Please leave your shoes, bag, clothes and other belongings outside of the practicing room and only take in those belongings you really need during the practice (mat, towels etc.).
Personal hygiene is an integral part of practicing Yoga. If possible, you should take a shower before the practice. Do not wear lotions, scents, and in general avoid perfumed products. You and your gear, including your mat, rug, towels and clothing, should be clean. After the practice, please wipe up any sweat around you on the floor and your mat.
Refrain from eating at least two hours prior to and 30 minutes after your practice. Drink plenty of water during the day after your practice, but do not take water bottles into the practice space or drink immediately before/after class.
Start and end times are flexible according to the length of your practice. Try however, to start your practice at the posted starting-time of the class, so that we can all chant the opening mantra together. If you come later please enter silently and wait for the teacher to show you your spot. Chant the opening mantra in silence.
Please respect and follow the traditional Ashtanga method as taught by the late Sri K. Pattabhi Jois and his grandson R. Sharath Jois. Please do not add or skip postures or in other ways deviate from the traditional Ashtanga sequence unless acknowledged or requested by your teacher.
Please refrain from unnecessary talking. Enjoy the silence of the room and the sound of your breath.
Stay on your own mat and refrain from assisting other practitioners.
If required, patiently wait for the teacher to come to adjust you if she/he is busy adjusting another student. Have a towel at hand which the teacher can use when adjusting you.
Do not practice any new Asanas unless given to you by your teacher. Please do not ask for Asanas. Each student is given their practice according to their ability. Postures are given, one by one, in a certain sequential order. When you practice Yoga in the Mysore-style setting, it is important to wait for the teacher to give you each new posture. The act of waiting gives your teacher the opportunity to teach you the posture correctly or to adjust you in it. Waiting also is an opportunity to express respect for your teacher and the practice.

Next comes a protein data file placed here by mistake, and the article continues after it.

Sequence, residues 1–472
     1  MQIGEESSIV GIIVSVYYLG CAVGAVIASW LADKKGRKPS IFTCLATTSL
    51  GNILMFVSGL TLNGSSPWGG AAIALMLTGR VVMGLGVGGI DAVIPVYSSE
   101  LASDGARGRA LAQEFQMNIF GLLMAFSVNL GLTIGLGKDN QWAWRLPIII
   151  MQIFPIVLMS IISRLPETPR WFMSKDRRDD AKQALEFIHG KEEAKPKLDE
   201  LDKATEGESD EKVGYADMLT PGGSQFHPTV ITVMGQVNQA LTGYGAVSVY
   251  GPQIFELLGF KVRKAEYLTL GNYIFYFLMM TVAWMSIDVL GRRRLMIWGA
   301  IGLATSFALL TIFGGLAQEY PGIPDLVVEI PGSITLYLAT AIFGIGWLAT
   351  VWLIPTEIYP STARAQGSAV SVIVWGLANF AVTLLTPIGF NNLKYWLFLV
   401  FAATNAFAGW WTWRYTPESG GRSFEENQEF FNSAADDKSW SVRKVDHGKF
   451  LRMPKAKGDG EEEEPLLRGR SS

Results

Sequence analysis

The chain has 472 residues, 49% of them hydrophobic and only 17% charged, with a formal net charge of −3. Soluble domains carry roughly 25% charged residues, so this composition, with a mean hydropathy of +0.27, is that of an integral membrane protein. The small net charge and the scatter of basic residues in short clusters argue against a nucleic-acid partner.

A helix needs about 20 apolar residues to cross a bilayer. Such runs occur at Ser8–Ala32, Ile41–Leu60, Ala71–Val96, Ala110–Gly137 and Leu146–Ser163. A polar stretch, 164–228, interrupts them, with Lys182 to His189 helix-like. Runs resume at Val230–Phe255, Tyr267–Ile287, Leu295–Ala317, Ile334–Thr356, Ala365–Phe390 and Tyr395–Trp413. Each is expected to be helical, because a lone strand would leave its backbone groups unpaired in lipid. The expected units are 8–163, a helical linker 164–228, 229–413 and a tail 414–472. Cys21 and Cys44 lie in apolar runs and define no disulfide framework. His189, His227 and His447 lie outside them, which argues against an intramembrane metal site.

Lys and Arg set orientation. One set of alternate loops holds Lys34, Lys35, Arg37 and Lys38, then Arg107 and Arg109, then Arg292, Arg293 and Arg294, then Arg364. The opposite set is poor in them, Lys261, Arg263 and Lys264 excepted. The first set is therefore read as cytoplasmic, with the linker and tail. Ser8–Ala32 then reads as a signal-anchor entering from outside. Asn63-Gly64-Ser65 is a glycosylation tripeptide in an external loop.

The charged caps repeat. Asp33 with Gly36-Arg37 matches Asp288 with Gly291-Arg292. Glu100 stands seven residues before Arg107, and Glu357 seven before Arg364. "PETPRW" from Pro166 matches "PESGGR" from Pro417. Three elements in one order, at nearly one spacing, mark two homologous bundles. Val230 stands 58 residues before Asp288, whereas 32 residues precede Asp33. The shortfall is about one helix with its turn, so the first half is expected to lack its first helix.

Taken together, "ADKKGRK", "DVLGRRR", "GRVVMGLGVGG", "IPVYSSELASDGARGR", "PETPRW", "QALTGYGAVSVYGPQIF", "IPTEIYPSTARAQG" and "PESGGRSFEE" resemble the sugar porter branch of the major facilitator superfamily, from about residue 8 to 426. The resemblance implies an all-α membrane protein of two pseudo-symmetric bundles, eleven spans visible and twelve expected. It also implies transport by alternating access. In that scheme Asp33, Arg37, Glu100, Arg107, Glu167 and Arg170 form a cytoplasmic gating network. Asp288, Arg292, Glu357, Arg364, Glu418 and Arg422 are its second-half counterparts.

Do not underestimate the effect of Ashtanga Yoga. It is a very effective self-therapy for personal development – physically, mentally and spiritually. Consider a balanced practice integrating both activation and release, engagement and softening, as the means to your progress.
If you feel emotionally upset during or after your practice (joy, sadness, irritation etc.), accept the feelings and bid them welcome. If this feels difficult, you are welcome to speak to your teacher about it.
Respect the student-teacher relationship and follow any request from your teacher, unless it would cause you any pain. Inform your teacher about any physical or mental issues (injuries, depressions etc.). Never accept any adjustments that would cause you pain. Ideally, you should follow only one practice and one teacher.
It is a nice gesture and part of the tradition to say goodbye to your teacher when you leave the room.
Respect your limits and be loving towards yourself. Acknowledge that your body and mind will feel different every day; listen to what your body tells you and practice in your own rhythm. In particular, your breath should always be smooth and even; if you cannot maintain such a breath, do less.
Do not ever skip taking rest after the practice. The final deep relaxation at the end of your practice is very important, so do not leave the room without doing it.
Resist watching other practitioners during their practice. There are nine different Drishtis (gazing points) in Ashtanga Yoga on which to focus your attention. In addition, watching others is rude and encourages comparison. It may make you envious of those who are doing more advanced Asanas than yourself, which will eventually lead to frustration. Abandon the competitive mind-set. Yoga is absolutely non-competitive; you are not even competing with yourself. Cultivate contentment (Santosha) with where you are at the moment. Be happy with whoever you are, wherever you are and whatever you do and do not have. “Practice and all is coming!”
It may be tempting to “wipe down” as soon as you begin to sweat, but learn to tolerate it and move through your postures with as little interruptions as possible, not taking any extra breaths than the practice requires (if not necessary). Sweating during practice is good, since it transports toxic substances out of your body. According to Sri K. Pattabhi Jois in “Yoga Mala”, rather rub the sweat into your body.
Do not practice with a fever. Practice consideration towards fellow practitioners by not coming to class with a bad cold or any other contagious ailment or skin condition. Practice at home or rest until you have recovered.